It should also be understood that for shading to be considered in the modelling it needs to be external. Internal blinds, curtains and the likes cannot be considered, regardless of the impact they may have.
There are two values that are used to measure the performance of every window: U-Value and Solar Heat Gain Co-efficient (SHGC). Think of the U-Value in the same way as an R-Value in insulation, i.e. it is a measure of how well the window insulates. Unlike R-Values, however, the lower the U-Value, the better the window will insulate. As such if a U-Value is less than what has been specified it should still be compliant.
The SHGC measures how much direct sunlight will pass through the window. The easiest way to think of a SHGC is to relate it to a tint; the darker the tint, the lower the SHGC. Unlike a U-Value, however, a lower SHGC is not always better. There are instances where it makes sense to get as much natural sunlight into a dwelling to warm it up and therefore a SHGC will often have a tolerance of plus or minus 10%.
The requirements for compliant U-Values and SHGCs can sometimes differ from these generalisations so it would be worth double checking any changes with your assessor.
Most importantly, the U-Value and SHGC need to be total window system values, with the values calculated by considering not only the glass, but also the frames. The window frame plays an important role in how the window will perform and there is also a significant difference between a glass only value and a total window system value. It is therefore necessary for compliance to ensure that the values of your glazing are total system values.
Thermal mass is a term used to describe the ability of certain types of construction to slowly absorb, store and slowly release heat. The types of construction that most commonly have good thermal mass are brickwork, blockwork, concrete and stone.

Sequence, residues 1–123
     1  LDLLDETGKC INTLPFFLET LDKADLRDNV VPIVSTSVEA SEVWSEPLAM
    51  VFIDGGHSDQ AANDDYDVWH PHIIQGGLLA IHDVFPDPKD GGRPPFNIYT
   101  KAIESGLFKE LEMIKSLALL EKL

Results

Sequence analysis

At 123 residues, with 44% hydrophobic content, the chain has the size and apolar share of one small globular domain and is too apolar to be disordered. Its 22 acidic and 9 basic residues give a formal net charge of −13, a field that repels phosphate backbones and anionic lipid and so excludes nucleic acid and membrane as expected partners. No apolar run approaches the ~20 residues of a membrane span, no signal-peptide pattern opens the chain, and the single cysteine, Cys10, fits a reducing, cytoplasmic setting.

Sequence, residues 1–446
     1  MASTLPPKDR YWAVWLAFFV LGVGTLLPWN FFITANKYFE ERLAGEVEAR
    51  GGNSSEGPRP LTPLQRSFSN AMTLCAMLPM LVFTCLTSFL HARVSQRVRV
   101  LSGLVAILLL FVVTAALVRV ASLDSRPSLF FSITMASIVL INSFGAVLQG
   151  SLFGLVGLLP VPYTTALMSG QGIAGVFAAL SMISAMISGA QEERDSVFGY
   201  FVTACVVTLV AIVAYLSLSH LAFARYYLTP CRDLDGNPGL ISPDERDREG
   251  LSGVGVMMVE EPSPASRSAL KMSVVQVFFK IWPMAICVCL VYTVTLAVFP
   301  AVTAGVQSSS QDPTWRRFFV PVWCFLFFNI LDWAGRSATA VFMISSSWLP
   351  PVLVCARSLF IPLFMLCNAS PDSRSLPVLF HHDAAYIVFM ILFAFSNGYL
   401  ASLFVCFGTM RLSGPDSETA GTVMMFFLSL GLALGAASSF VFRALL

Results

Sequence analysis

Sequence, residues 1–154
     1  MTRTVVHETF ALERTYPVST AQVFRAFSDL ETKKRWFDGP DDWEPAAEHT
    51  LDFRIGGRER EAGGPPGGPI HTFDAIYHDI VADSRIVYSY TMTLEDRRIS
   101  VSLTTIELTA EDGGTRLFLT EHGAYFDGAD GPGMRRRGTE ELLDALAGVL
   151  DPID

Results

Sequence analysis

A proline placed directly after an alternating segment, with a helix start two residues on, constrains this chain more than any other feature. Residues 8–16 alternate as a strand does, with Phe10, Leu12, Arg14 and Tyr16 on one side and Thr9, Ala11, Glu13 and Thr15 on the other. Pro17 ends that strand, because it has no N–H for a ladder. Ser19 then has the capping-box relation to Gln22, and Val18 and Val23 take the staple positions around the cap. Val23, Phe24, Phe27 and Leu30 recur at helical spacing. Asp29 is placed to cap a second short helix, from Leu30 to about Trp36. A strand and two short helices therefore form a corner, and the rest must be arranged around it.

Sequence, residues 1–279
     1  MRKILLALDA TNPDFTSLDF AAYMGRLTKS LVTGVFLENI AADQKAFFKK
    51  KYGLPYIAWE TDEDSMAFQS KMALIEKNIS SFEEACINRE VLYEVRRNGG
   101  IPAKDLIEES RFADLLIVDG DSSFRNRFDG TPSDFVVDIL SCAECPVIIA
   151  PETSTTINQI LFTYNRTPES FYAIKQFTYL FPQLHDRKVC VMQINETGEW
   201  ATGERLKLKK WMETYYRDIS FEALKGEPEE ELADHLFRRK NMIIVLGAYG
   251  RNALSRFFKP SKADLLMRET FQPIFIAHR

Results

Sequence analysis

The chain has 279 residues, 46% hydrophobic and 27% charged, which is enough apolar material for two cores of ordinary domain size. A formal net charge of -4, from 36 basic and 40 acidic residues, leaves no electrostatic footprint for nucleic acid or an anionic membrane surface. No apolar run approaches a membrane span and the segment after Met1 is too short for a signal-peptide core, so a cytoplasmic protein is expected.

Depending on how it is used, thermal mass can have a positive or negative impact on a dwelling. Because it will impact the rating, any changes made to a proposal, either including or removing a wall, floor or roof with good thermal mass, will need to be addressed in the modelling.
Finally it is essential to understand that thermal mass does not equal insulation. It is a common misconception that elements with good thermal mass insulate equally well; this is not the case. A good example would be a cavity brick wall.
While this wall has good thermal mass, its total R-Value is somewhere in the order of R0.6. Compare this to a typical insulated cavity brick wall which has a total R-Value is around R1.8, i.e. it insulates three times more effectively. If insulation is specified it is required to be installed and replacing the insulation with more thermal mass will not achieve the same result.
How to make it as easy as possible
Now that you have some understanding of how a dwelling is rated and what key factors contribute to a rating, ideally you will encounter fewer issues with compliance. If nothing else, remember the following:
Ensure all required specifications are on the plans at all times until construction is complete.
If anything changes, whether it is the design or construction and specification, inform your assessor. They should be able to tell you if an update is required.
Remember the key points regarding insulation, windows and thermal mass.
Address any changes as they happen. It becomes harder to update an assessment that has been constructed, but cannot gain its occupation certificate due to changes that have not been addressed.